Corporate Governance Beyond Economics

Corporate law and governance are complex and continually changing.  Yet, broadly speaking, throughout the 20th century corporate law developed with a focus on the allocation of power between shareholders and boards of directors.  And, notwithstanding significant ambiguity and dissent, the dominant view that has emerged and remained relatively stable sees corporate law in predominantly economic terms and, specifically, as focused on shareholder value.

At the beginning of the 21st century, legal developments at the federal and state level have arisen that diverge from a narrow view of corporate law as serving primarily or only to order private financial interests. In a forthcoming book chapter, I gather the threads of these developments and examine coming controversies.

On the federal front, the Supreme Court’s decisions in Citizens United and Hobby Lobby have put corporate law in a new quasi-constitutional light.  In Citizens United, the Court expanded corporate political spending rights and rejected concerns about dissenting shareholders on the basis that “[t]here is . . . little evidence of abuse that cannot be corrected by shareholders ‘through the procedures of corporate democracy.’”[1]  In Hobby Lobby, the Court concluded that corporations are “persons” capable of the “exercise of religion” within the meaning of the Religious Freedom Restoration Act and disposed of concerns about disputes relating to religion by noting that “[s]tate corporate law provides a ready means for resolving any conflicts . . .”[2]  While significantly expanding the rights of corporations, these decisions rely on corporate law to coordinate and settle the discord that arises from their political and religious activity.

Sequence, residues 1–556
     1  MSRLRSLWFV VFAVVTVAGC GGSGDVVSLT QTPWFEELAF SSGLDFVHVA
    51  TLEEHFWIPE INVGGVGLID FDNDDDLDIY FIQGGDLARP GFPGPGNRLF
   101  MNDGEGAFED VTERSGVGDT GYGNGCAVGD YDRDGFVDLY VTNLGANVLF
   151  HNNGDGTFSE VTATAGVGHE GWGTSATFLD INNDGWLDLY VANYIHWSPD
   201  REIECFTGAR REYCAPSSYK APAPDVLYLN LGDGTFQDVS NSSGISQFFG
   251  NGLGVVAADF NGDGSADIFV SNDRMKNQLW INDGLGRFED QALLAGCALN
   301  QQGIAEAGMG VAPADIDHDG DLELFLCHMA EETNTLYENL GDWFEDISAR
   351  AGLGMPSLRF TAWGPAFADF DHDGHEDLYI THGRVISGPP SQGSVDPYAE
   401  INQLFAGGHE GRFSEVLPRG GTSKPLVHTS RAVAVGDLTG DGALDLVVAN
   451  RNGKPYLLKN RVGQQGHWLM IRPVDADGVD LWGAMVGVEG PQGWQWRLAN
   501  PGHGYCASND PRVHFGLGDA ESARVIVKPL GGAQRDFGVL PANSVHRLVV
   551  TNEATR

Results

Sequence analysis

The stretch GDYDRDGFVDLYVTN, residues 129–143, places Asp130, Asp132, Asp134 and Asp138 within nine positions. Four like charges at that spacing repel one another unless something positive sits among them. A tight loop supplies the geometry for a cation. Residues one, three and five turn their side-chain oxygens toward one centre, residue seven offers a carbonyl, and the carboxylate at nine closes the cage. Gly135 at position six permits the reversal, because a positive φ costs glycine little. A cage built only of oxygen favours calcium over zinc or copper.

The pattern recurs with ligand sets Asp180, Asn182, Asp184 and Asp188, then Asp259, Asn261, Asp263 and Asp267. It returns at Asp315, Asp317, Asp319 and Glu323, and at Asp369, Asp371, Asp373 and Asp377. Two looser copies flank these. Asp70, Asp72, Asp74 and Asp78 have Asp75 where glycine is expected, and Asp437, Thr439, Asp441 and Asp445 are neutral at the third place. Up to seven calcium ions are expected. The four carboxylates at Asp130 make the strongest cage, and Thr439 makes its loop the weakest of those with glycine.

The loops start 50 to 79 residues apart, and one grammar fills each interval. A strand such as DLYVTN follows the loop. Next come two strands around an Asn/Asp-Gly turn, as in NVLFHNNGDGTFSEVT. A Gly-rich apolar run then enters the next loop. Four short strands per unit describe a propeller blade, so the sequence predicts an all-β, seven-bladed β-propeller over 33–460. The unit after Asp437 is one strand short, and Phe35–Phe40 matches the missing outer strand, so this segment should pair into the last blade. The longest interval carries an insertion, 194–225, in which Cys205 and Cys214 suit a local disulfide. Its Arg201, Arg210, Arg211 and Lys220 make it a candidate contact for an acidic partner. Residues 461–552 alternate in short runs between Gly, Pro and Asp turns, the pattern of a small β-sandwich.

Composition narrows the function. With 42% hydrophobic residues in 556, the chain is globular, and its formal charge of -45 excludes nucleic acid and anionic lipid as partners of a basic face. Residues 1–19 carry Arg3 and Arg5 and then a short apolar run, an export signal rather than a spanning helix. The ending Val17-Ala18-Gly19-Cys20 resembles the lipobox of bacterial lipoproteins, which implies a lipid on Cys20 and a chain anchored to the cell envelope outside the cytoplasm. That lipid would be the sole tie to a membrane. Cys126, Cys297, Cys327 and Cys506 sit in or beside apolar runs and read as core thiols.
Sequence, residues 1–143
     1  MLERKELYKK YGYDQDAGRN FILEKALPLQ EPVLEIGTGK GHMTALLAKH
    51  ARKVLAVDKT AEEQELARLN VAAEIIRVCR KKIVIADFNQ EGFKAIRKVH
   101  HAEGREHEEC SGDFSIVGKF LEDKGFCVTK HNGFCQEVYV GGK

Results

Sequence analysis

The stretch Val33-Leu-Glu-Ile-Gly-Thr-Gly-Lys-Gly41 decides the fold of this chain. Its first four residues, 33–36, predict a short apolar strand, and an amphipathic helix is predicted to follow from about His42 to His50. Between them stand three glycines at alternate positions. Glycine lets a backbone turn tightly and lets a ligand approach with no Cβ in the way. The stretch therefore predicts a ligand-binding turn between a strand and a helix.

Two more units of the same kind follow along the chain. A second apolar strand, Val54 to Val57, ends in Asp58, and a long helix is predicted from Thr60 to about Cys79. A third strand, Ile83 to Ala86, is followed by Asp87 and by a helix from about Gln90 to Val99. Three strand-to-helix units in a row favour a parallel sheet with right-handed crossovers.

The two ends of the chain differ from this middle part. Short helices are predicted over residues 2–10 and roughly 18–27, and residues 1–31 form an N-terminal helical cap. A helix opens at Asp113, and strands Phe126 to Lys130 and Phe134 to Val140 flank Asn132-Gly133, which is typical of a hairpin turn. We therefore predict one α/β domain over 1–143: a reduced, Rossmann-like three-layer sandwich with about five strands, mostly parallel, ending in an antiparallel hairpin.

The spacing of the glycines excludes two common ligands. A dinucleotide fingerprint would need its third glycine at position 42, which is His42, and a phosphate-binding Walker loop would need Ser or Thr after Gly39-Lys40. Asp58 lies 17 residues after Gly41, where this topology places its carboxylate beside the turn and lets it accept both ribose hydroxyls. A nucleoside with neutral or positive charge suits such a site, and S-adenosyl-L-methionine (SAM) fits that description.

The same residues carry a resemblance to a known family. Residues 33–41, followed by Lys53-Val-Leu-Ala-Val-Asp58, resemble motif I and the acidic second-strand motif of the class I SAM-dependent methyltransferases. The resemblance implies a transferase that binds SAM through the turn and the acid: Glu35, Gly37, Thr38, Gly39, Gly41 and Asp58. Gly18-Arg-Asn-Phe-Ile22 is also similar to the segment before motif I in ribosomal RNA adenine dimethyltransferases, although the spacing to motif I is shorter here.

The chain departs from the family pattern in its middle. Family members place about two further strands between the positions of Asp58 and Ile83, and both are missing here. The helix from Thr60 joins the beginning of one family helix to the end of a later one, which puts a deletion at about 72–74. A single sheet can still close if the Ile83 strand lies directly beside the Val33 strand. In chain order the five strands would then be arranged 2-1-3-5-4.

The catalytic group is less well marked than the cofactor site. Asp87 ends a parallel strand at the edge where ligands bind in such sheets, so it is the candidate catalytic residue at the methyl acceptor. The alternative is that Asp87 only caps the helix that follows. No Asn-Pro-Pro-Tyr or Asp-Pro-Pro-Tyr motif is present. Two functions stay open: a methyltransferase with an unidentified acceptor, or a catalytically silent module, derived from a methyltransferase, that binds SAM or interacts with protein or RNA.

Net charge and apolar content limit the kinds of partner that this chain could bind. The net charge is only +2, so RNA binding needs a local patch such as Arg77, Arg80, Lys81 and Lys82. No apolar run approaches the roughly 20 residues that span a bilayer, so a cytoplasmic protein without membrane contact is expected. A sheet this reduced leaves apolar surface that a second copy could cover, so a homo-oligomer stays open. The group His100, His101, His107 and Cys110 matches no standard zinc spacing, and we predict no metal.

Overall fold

In addition to these landmark Supreme Court decisions, Congress, the Securities and Exchange Commission, and other federal courts have been embroiled in battles over the scope and appropriateness of regulating corporate speech and disclosures on topics such as conflict minerals and political expenditures.  These issues encompass not only economic interests, but also humanitarian and democratic values.